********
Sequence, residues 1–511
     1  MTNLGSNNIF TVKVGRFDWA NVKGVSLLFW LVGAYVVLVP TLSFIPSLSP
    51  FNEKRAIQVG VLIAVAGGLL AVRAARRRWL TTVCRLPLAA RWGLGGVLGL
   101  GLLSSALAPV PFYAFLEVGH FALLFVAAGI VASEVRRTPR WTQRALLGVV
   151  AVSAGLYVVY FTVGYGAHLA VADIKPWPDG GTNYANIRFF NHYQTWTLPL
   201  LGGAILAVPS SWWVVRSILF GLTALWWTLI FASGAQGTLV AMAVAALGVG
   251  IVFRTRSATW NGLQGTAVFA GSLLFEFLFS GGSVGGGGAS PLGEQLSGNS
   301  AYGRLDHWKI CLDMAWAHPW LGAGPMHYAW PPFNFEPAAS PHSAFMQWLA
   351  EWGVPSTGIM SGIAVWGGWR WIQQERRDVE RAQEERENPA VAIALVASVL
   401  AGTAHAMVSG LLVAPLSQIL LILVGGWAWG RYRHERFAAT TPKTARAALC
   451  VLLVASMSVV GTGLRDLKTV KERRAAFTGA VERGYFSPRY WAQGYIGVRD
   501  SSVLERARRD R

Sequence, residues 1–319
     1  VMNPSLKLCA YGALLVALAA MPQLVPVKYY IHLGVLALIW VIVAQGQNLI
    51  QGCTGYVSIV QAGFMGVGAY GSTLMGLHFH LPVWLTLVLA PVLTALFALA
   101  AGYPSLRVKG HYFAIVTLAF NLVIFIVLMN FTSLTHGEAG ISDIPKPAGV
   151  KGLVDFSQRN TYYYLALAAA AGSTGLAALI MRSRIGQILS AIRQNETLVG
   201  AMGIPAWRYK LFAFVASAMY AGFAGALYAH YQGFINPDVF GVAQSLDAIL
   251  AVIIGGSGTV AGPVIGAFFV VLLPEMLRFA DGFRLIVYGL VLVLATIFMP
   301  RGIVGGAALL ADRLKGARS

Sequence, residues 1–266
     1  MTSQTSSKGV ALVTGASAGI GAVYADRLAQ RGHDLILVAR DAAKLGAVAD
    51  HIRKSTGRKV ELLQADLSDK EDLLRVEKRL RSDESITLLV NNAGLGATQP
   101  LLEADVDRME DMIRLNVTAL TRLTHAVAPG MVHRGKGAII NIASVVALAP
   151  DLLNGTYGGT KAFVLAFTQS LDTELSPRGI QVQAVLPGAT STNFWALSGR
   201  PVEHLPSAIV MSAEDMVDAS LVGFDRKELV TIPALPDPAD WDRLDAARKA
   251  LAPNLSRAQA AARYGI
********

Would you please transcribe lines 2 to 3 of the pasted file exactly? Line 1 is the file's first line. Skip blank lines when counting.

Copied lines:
     1  MTNLGSNNIF TVKVGRFDWA NVKGVSLLFW LVGAYVVLVP TLSFIPSLSP
    51  FNEKRAIQVG VLIAVAGGLL AVRAARRRWL TTVCRLPLAA RWGLGGVLGL